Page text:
He asked for the fifty titles which Longfellow Books should stock, so be generous with your choices. Please publish your selections in comments here.  Don’t feel obligated to list fifty titles, just list those you think should be stocked.

Thanks to all of you for assistance!

 

Into the Unknown at the London Barbican

Twiki, menaced by Robbie in the background

By Mark Hepworth: The events that London’s premier arts venue The Barbican is currently hosting include a production of The Tempest, a viewing of a David Lynch biopic, a display of paintings on the subject of Sufism and music…and an exhibition on the history of Science Fiction. There is often a feeling of tension between SF and the artistic mainstream, be it a sense of resentment when someone like Margaret Atwood seems to try to manoeuvre away from the genre label, or slightly dismissive reviews in the ‘serious’ press. While genre barriers do seem to be falling, it’s still unusual to see SF getting such deep attention, and so I couldn’t resist the opportunity to fit in a visit to “Into the Unknown: A Journey through Science Fiction” to see how it treated its subject.

Billed as a festival-style exhibition with more than 800 works, it is scattered across several floors and areas of the Barbican. The curator is Swiss historian and writer Patrick Gyger, whose bio gives impressive credentials – he was director of the Swiss SF collection “Maison d’Ailleurs” where he opened a wing dedicated to Jules Verne, has worked with the European Space Agency, run Utopiales, and been GoH at Eurocon.

‘The Extraordinary Voyage’ itself

His exhibition begins with a walk through four loosely-themed sections, and in the first his love of Jules Verne comes through very clearly as you enter: Extraordinary Voyages begins with the early years of wonder and speculation, filling the space with models, displays, films, and books either from the early years of SF or inspired by it. It has a story to tell but doesn’t press its conclusions on you; rather it allows you to wander through and let the theme assemble itself. For example, here you can trace a line from the prehistoric creatures at the Centre Of The Earth through the modelwork of Harryhausen to portrayals of Godzilla. Finding these mini-themes among the artefacts is a voyage of discovery.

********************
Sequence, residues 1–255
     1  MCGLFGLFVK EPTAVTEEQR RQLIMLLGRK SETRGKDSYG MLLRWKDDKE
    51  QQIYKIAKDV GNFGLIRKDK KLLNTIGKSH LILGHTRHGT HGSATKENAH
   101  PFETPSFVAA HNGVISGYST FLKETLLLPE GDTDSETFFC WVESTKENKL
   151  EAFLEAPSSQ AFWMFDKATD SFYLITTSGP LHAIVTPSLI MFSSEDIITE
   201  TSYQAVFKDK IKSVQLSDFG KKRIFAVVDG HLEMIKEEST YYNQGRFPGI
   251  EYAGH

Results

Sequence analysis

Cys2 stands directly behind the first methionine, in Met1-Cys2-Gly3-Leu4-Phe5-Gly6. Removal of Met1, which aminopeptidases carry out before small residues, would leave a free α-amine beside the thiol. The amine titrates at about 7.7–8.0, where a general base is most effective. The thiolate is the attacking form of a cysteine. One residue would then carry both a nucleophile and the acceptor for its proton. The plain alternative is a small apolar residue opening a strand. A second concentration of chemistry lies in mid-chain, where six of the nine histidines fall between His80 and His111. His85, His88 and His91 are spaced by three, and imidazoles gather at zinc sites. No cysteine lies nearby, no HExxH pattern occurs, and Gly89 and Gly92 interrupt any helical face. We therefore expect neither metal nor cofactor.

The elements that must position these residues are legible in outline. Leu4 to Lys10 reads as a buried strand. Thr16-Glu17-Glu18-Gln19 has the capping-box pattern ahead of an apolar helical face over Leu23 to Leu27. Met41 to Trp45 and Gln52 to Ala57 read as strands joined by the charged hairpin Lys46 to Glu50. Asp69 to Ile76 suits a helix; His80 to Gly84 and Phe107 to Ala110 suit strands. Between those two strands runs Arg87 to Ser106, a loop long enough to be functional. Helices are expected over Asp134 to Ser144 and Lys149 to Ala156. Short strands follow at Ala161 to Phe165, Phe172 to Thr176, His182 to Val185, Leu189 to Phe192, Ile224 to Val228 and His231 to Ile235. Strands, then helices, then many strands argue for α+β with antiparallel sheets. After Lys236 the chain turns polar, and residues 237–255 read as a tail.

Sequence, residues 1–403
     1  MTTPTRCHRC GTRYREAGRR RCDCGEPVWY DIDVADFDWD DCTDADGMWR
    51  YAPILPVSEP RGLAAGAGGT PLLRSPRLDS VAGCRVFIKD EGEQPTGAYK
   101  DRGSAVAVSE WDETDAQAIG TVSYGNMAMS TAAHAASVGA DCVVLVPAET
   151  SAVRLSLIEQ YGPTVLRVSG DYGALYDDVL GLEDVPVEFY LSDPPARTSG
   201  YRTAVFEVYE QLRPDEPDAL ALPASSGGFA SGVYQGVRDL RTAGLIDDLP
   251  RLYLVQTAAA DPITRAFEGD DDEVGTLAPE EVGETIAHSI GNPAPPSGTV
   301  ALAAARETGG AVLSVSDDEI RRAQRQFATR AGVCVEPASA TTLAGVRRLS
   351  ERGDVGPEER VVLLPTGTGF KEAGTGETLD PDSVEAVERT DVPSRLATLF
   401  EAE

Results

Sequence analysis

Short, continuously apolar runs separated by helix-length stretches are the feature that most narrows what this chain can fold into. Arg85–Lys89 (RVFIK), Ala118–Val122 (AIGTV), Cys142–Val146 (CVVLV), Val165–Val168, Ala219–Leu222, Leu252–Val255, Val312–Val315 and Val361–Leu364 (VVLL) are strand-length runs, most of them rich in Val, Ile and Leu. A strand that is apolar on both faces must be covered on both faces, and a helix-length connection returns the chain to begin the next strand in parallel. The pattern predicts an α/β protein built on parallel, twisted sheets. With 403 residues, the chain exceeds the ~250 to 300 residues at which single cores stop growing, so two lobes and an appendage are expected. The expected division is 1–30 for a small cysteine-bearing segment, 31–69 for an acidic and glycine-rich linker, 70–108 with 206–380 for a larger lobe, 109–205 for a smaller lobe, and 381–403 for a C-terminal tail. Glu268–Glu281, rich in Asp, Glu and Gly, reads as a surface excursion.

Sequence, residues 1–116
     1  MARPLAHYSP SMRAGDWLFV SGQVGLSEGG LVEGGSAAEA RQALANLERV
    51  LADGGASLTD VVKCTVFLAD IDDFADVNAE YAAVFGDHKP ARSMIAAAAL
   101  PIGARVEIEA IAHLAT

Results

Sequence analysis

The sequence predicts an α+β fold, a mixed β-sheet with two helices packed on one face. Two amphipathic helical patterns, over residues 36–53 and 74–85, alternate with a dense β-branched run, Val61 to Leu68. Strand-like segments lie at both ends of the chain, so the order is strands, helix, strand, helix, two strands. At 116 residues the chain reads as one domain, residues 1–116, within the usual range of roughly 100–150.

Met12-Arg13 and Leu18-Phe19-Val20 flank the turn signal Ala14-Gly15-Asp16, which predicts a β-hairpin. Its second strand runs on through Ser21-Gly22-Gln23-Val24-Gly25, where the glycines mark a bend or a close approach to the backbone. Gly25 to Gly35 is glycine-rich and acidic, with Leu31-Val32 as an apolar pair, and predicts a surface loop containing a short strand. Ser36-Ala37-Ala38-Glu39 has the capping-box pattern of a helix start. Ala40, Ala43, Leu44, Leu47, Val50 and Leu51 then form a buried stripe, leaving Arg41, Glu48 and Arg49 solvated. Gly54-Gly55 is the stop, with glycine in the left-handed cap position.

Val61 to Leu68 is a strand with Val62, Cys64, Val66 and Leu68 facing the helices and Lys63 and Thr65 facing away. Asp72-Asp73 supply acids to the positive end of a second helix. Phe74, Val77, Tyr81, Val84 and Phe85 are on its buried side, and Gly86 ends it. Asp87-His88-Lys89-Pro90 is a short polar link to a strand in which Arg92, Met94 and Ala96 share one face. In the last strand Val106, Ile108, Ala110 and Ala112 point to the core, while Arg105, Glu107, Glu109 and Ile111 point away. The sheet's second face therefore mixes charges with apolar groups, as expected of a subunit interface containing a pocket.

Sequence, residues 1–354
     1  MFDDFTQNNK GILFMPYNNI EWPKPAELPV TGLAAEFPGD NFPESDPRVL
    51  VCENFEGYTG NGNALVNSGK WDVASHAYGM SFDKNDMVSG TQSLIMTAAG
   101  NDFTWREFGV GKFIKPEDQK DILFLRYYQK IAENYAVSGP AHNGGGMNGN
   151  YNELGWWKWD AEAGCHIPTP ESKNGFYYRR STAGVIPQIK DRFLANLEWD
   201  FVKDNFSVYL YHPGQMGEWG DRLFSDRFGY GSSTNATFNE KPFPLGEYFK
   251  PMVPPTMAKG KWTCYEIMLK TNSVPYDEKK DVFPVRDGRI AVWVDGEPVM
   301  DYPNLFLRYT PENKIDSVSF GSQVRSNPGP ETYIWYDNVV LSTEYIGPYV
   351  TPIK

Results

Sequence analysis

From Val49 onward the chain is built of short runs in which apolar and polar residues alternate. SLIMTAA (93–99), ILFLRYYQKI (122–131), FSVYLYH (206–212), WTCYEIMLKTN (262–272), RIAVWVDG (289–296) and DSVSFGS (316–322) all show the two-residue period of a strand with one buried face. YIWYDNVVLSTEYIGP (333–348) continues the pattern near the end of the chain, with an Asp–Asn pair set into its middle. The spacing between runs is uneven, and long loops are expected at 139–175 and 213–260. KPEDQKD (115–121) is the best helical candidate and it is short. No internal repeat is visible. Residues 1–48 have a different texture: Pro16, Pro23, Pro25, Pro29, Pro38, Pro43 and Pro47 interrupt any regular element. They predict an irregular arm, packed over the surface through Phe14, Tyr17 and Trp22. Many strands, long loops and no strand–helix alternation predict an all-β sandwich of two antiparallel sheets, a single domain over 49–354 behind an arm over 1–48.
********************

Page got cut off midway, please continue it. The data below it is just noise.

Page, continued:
Modern Godzilla

Space Odysseys hits another familiar theme, giving us spaceships and spacesuits whose inhabitants tend to either find something wonderous, or get eaten by something terrible. The section seems to think that despite our fascination with all the things that could go wrong – from the technical challenges of The Martian to the many ravening aliens we imagine waiting for us – our native optimism is what comes through, with an interesting selection of old Soviet media showing the use of Space as a new heroic frontier shelved near to a script for “Journey Beyond the Stars” – hand-corrected as 2001 A Space Odyssey – and a copy of Merchanter’s Luck.

Spacesuit from ‘Sunshine’

Sokolov-Leonov 1960s postcards

‘Dune’ storyboards from Paul Allen’s private collection

‘Earth vs the Flying Saucers’

Next, Brave New Worlds turns its viewpoint inwards with dystopian societies and utopian cities, and reminds us that SF has always been imagining the future in ways both extravagant and – occasionally – accurate. We may not have our jetboots yet, but displays of what people were imagining of us a hundred years ago illustrate that they were hoping in vain for personal flying wings back then, too. The link between SF and architecture makes an interesting appearance here, with the cities of the future imagined by professional architects looking perhaps little different from the ones imagined by SF visionaries.

‘Mirrorshades’ and other seminal works

The main section ends with Final Frontiers: not space, but the body and the brain. Robots merge into cyborgs merge into AI as it makes the obvious – but true – observation that we’ve always been fascinated by what we will turn into, or create to compete with ourselves.

The many screens of ‘Final Frontiers’

The exhibition works by cramming so many elements together that you are forced to confront how they all interact. The result can be rather crowded and almost claustrophobic, as films overlay models and soundtracks clash so you can’t really settle and see any one thing. Each section has a fine display of books, acknowledging that while the silver screen may have produced the iconic visuals of SF, books have always provided the iconic ideas. Unfortunately, there’s not much to do with the books other than display them in cases to be stared at, which is no way to experience a story, and unfamiliar ones leave you to simply judge them by their cover. I’m sure something more could have been done to bring them fully into the story – displaying extracts or perhaps playing audio.

The books of ‘Extraordinary Voyages’